With big news at Waitr bookending our first year publishing, beginning with its blockbuster sale to a Texas billionaire and ending with CEO Chris Meaux ringing the Nasdaq bell, 2018 has been a year of extremes.
The gist: Waitr announced this morning that it acquired Bite Squad, an online ordering and on-demand food delivery platform for restaurants, for $321.3 million.
Wasn’t Waitr just bought for $308 million? Yep, that was announced back in May and the deal was only finalized on Nov. 16. So less than a month into being a publicly traded company, Waitr has effectively doubled in size. Bite Squad has more than 11,000 active restaurants, compared with Waitr’s 7,700 restaurant partners as of Sept. 30 of this year.
Waitr gets swoll. With this deal, Waitr’s operations will expand to cover a total footprint of 500 cities in 22 states.
Where’d they get all that cash? Landcadia Holdings acquired Waitr for $308 million, but only $50 million of that was guaranteed cash. At that time, Landcadia Holdings was a special purpose acquisition company — a type of entity set for the sole purpose of buying another company — that had raised $300 million. So when Landcadia Holdings became Waitr Holdings, it still had about $250 million left to fund growth. While this deal for Bite Squad was for $328 million, only $202.1 million of that was in cash with the rest paid with 10.6 million shares of Waitr stock. Plus, to help finance a portion of this deal, Waitr has taken on $42.1 million in debt.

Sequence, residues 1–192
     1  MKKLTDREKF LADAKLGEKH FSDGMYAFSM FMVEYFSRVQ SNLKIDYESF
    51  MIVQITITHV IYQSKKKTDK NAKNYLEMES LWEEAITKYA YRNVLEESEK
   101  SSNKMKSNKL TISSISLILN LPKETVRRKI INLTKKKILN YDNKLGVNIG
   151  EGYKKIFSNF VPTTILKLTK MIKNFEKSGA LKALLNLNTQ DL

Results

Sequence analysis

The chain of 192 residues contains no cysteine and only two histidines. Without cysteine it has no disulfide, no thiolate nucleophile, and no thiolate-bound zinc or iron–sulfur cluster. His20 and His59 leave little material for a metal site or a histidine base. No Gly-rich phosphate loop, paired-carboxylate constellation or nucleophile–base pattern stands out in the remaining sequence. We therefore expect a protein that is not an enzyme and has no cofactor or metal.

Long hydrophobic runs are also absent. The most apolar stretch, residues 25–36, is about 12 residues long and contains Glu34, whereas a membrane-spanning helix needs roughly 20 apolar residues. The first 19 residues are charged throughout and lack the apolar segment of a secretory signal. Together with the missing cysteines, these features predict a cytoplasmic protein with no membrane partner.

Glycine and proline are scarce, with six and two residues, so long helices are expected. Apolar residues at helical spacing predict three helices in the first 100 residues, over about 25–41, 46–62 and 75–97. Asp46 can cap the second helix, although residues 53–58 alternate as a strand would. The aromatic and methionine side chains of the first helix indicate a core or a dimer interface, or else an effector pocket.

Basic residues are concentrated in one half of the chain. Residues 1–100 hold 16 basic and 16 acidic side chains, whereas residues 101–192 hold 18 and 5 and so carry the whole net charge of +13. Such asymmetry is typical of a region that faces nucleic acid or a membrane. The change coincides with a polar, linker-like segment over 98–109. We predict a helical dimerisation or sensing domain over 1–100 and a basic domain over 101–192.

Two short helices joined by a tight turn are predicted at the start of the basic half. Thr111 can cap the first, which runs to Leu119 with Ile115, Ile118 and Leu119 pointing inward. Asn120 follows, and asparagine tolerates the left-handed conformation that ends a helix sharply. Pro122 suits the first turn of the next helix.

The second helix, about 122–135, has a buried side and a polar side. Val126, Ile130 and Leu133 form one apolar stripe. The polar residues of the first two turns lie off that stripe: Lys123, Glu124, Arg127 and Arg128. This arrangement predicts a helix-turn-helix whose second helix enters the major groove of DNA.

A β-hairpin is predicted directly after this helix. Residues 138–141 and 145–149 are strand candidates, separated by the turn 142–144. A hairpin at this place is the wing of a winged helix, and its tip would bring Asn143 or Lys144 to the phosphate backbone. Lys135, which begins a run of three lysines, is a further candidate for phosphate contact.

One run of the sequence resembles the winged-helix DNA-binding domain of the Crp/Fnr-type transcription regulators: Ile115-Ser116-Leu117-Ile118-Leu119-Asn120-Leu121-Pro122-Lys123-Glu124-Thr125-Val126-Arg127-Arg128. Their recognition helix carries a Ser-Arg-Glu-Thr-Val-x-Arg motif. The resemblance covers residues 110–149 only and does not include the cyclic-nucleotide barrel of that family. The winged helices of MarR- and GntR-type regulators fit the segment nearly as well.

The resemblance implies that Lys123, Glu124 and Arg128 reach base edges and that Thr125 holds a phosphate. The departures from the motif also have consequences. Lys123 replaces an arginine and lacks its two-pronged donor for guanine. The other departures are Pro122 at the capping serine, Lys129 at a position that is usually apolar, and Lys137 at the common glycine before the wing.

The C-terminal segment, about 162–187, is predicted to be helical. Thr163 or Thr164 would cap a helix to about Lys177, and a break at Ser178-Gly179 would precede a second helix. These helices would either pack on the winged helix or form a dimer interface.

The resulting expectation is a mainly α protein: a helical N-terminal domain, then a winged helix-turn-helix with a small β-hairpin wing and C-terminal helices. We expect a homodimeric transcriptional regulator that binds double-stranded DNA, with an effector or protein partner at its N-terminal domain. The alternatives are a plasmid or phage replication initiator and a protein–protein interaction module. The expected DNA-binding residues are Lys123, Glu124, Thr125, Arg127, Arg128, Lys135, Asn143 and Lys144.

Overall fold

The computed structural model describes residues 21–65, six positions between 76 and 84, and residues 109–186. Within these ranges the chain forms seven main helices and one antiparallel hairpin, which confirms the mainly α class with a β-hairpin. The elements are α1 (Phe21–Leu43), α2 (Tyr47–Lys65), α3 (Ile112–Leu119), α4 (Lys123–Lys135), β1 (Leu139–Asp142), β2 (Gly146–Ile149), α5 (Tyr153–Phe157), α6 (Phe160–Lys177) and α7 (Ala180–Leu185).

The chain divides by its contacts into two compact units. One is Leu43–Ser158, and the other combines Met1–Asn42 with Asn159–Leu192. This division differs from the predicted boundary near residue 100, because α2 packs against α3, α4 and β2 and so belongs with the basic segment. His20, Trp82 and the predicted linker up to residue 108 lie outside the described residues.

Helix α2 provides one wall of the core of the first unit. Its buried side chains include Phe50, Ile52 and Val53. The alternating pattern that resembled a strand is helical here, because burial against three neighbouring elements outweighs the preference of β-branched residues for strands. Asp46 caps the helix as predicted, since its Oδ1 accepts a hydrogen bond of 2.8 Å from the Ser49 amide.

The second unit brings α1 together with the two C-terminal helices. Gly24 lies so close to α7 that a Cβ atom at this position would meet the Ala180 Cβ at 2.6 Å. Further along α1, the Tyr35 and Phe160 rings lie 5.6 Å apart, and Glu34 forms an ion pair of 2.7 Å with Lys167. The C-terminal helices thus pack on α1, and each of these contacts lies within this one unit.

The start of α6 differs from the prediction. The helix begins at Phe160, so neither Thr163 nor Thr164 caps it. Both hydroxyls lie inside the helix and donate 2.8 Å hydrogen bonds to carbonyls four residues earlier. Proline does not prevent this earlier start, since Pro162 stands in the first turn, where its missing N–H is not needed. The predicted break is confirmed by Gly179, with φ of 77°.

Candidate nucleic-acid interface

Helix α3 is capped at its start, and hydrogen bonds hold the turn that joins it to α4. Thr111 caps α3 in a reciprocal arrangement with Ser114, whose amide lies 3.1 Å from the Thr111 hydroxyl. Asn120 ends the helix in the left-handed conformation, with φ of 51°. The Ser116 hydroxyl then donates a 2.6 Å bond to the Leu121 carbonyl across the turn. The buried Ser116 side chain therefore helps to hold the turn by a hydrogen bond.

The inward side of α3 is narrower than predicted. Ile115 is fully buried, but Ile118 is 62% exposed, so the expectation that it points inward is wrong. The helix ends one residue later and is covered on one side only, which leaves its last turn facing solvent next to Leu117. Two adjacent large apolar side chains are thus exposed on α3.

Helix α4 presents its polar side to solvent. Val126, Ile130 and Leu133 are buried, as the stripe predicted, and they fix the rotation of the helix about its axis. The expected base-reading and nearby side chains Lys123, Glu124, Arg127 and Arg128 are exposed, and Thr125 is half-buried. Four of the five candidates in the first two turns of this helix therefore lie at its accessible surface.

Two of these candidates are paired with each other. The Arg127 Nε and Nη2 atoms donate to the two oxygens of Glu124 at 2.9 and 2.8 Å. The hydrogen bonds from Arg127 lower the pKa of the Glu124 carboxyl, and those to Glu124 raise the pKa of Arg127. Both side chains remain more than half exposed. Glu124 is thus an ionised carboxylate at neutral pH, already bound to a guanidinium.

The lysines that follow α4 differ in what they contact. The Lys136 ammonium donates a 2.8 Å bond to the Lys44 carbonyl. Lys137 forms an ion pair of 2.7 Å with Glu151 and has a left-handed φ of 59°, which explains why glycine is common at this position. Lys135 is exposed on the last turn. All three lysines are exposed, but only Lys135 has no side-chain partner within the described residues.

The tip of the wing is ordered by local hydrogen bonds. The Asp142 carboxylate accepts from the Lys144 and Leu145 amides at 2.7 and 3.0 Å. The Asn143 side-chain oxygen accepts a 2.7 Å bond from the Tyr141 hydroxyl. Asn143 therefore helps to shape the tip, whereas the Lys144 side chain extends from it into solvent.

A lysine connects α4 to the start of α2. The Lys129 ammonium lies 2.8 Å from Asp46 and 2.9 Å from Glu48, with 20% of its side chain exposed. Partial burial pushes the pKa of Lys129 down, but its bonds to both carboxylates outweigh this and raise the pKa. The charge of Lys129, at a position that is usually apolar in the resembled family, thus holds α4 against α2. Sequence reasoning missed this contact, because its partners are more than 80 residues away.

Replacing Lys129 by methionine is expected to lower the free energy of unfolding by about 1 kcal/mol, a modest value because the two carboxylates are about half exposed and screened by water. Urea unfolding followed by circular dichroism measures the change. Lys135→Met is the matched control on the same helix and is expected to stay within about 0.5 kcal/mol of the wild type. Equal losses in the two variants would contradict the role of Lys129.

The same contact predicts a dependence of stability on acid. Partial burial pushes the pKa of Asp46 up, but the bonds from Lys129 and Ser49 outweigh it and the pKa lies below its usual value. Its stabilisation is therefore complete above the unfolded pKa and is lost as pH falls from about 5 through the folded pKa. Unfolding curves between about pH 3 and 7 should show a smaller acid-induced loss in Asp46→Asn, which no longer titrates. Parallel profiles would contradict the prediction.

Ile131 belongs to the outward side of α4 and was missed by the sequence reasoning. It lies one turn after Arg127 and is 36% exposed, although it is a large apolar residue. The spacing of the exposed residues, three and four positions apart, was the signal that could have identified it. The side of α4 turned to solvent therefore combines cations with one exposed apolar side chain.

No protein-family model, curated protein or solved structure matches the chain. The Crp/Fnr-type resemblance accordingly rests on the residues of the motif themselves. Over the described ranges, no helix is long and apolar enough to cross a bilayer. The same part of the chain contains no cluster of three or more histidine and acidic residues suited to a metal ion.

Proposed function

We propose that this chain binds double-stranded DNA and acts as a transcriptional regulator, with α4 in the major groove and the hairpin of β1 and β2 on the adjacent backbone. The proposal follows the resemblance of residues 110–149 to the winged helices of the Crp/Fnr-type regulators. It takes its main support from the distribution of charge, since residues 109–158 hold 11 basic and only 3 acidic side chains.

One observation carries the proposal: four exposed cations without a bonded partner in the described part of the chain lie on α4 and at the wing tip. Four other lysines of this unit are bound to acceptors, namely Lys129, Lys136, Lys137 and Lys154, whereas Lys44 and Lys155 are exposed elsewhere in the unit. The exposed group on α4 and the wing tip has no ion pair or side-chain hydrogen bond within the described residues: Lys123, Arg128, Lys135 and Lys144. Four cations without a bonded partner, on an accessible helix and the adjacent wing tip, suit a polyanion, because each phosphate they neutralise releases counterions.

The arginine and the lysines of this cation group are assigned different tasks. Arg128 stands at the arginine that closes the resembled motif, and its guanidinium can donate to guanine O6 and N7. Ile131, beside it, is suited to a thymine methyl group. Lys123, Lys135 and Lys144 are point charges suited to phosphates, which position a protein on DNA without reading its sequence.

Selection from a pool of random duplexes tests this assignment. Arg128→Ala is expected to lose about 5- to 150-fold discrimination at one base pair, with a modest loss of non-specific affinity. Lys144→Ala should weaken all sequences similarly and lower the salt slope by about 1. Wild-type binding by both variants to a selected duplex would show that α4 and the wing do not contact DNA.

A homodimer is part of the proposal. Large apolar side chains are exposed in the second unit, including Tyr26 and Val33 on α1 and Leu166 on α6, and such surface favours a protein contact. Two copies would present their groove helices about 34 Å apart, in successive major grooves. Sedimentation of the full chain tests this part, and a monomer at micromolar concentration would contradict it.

This may only be the beginning. Tilman Fertitta — the billionaire co-owner of Landcadia Holdings, the Houston Rockets and Landry’s Inc. — has a track record of growing his businesses through acquisitions. And Chris Meaux — the CEO and cofounder of Waitr — wants to build Waitr into a billion dollar business. So if I were a betting man, I’d say that this won’t be the last major acquisition they make. And that’s potentially great news for Lafayette.
Am I rich yet? Not unless you were one of the original shareholders. The news hasn’t had much of a net impact on the stock price yet, for those of us who have only been able to buy in more recently. (Disclosure, I own some stock in Waitr.) Yesterday, Waitr Holdings’ stock (listed as WTRH on the Nasdaq) ended the day at $11.44. While shares spiked to $12 first thing this morning, they settled back down to $11.48 as of 2 p.m. So I’d hold off on buying that ticket to the moon.